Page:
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 Mysuru reinvents Mahatma's ways

Research has shown that if a small percentage (3.5 per cent) of people participate in any peaceful protest, such protests will succeed
Last Updated : 16 February 2023, 20:04 IST
Last Updated : 16 February 2023, 20:04 IST

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Mysuru, like any city in India, has been suffering from bad governance. Poorly maintained roads, along with blatant violations of traffic laws compounded by poor policing, have resulted in 170 traffic deaths in 2022 as opposed to 121 in 2021. Famous lakes like Kukkarhalli (favoured by Kuvempu and R K Narayan) are nearing the end of their lives.

The city’s parks are encroached upon to provide civic amenities when the Karnataka Parks Act prohibits any construction. Less said the better about the city’s iconic Chamundi Hills where in the name of promoting commercial tourism, its heritage as spiritual centre is destroyed and biodiversity is under attack.

In a democracy, we the people are “masters,” and officials should serve us with civility. How often do we get such “royal” treatment? Only when we get proper recommendations from higher-ups or elected leaders may we get the service we deserve.

The worst aspect of bad governance is the well-known fact that corruption has been ever-present in every government office without exception. Identifying any honest and non-corrupt elected leader is next to impossible.

Having failed to find a solution to get good governance over the years since its inception in 1989, Mysuru Grahakara Parishat (MGP), a consumer and environmental protection NGO, decided to try an out-of-the-box strategy: Mahatma Gandhi’s satyagraha to suit the current conditions.

Some illustrative examples of protests over the years are: demanding an uninterrupted power supply, better water supply, the proper functioning of the consumer redressal commission, stopping the vandalisation of Chamundi Hills, stopping the construction of a coal power plant in Chamlapur, etc. PILs have been filed to prevent the construction of buildings in different parks of the city and encroachments on lakes, etc.

With more failures than successes, MGP decided to organise “SATYGRAHA” for a day from 9 am to 6 pm on Sunday, January 29. During those protests, the highest number we were able to mobilise was 2,500 Mysoreans. But often it is less than 75 to 50! Such is the indifference of civic society. During the satyagraha observation, it was expected of those who participated not to use private vehicles, not to visit restaurants, and not to shop. It cannot be any simpler or easier to register our protest.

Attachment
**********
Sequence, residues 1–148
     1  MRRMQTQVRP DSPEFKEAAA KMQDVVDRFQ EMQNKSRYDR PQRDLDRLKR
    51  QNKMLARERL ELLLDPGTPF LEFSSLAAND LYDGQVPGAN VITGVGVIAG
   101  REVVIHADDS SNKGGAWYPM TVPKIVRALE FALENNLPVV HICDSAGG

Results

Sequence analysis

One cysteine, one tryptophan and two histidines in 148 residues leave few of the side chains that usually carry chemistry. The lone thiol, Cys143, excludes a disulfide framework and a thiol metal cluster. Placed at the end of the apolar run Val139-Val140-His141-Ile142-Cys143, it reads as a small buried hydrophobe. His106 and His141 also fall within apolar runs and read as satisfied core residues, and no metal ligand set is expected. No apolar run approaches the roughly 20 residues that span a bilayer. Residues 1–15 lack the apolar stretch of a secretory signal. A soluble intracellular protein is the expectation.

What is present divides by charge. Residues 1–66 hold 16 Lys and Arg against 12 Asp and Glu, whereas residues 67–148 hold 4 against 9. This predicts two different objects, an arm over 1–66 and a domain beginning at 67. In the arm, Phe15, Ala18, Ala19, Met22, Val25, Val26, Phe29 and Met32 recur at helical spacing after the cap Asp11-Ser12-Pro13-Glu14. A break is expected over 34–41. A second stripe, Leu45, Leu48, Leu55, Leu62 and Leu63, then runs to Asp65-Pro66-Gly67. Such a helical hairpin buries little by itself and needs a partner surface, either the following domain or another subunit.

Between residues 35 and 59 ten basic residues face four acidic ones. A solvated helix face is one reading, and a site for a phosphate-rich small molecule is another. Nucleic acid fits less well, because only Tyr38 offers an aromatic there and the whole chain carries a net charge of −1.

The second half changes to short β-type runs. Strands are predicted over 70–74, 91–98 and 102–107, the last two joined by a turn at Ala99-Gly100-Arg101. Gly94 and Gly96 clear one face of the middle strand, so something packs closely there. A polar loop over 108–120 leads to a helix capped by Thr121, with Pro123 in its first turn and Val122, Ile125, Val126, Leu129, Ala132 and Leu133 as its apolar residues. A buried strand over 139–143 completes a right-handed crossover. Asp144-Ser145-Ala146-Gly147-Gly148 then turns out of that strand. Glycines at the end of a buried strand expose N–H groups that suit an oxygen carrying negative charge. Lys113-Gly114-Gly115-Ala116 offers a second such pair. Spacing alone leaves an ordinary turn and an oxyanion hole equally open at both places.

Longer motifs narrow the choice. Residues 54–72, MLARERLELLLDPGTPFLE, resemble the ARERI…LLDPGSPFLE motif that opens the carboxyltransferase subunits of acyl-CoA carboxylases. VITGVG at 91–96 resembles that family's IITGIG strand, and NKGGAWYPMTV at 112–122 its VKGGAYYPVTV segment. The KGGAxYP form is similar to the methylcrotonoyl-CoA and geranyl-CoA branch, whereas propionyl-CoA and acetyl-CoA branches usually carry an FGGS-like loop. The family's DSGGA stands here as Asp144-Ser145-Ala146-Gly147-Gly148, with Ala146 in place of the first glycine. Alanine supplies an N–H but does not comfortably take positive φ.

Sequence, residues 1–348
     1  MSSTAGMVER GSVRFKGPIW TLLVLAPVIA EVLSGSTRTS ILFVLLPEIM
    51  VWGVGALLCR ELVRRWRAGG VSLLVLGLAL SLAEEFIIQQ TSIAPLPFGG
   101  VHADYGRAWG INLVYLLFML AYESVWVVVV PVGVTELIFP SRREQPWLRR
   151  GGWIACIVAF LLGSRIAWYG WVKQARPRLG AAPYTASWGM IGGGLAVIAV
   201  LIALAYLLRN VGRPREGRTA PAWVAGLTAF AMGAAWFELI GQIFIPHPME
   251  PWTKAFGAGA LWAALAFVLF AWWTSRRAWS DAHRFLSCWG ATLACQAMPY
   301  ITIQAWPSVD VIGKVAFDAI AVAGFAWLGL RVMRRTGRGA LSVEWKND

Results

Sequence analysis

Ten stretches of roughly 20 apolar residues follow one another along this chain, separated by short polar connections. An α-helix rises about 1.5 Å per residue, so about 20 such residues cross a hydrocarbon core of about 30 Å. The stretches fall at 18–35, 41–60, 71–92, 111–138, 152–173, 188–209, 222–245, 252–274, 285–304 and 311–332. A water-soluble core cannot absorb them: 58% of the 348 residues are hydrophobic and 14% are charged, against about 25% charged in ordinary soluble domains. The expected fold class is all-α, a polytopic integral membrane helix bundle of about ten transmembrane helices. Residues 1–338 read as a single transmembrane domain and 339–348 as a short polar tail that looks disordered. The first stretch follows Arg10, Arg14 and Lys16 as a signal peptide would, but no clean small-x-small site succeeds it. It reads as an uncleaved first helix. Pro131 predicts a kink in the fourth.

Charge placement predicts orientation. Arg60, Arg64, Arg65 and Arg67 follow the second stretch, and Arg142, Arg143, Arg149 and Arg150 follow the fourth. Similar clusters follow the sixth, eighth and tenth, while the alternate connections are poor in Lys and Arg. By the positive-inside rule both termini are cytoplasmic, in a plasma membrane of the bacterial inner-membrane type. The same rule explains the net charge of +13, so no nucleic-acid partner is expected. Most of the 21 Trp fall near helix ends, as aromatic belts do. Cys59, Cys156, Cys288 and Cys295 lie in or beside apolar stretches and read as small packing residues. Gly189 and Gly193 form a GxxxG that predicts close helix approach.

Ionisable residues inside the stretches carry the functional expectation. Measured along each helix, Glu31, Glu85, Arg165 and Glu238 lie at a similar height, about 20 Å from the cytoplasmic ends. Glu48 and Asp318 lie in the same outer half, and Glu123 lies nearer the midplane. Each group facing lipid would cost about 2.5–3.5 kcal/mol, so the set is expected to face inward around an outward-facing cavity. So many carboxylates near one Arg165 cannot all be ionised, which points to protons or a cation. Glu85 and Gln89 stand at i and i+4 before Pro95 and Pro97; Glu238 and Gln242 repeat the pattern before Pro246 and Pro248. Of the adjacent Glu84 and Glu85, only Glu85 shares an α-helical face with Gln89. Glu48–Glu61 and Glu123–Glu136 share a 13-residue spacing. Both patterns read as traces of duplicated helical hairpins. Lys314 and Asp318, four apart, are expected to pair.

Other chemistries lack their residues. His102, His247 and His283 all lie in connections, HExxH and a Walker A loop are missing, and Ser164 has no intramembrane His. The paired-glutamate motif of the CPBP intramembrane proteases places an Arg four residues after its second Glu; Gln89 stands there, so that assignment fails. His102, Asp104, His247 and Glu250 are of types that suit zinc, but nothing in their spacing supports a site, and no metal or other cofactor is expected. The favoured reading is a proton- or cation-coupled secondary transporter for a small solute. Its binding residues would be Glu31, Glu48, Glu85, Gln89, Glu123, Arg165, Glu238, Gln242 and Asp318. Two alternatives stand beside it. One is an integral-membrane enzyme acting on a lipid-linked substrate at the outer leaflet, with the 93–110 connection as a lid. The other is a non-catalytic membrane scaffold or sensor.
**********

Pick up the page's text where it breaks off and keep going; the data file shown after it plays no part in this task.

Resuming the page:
Those who are keen to get more involved to show their concern can walk to a nearby park with friends and relatives. There they can participate in introspection on where and how we have betrayed the city by failing to fulfil our democratic duties. Soon after MGP announced the Satyagraha and the media published the details, there was overwhelming support for the Satyagraha.

Satyagraha was a success in some ways. It was observed by more than 15 groups in several parks in the city. On the other hand, less than 150 people participated in introspection in parks, which was a huge disappointment.

Thousands of professionals and many retired people live within walking distance of that park. Just about every one of them had knowledge of the satyagraha, either through the media, through reading the pamphlet, or through activists informing them. Still, there were very few. This raises the most important question: why are people, even educated professionals, so indifferent?

When one cannot expect the poor to participate, since they have to worry about their next meal, there are thousands of professionals who could have or should have participated. Again, one cannot expect that all or even the majority will participate. Research has shown that if a small percentage (3.5 per cent) of people participate in any peaceful protest, such protests will succeed. Still, why did this peaceful protest fail to attract even such a small percentage of Satyagrahis in Mysuru?

Swami Vivekananda said, “So long as the millions live in hunger and ignorance, I hold every person a traitor who, having been educated at their expense, pays not the least heed to them.” In our case, because of the indifference of the professionals who do not participate in elections, we end up electing corrupt and incompetent people, and often even criminals, as our leaders. That in turn results in bad governance. Do we then have the right to blame them?

In addition, it is mostly the well-to-do people who readily pay the bribe instead of fighting. We can effect massive change if only a small percentage (the critical mass required for the tipping point) makes a small sacrifice. Let us hope that Mysuru’s satyagraha inspires other cities to pursue a peaceful strategy rather than the violent methods of gherao, locking officials, rasta roko, rail roko, forcing shop closures, and so on.

(The writer is the Founding Working President of Mysuru Grahakara Parishat)

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Published 16 February 2023, 18:17 IST

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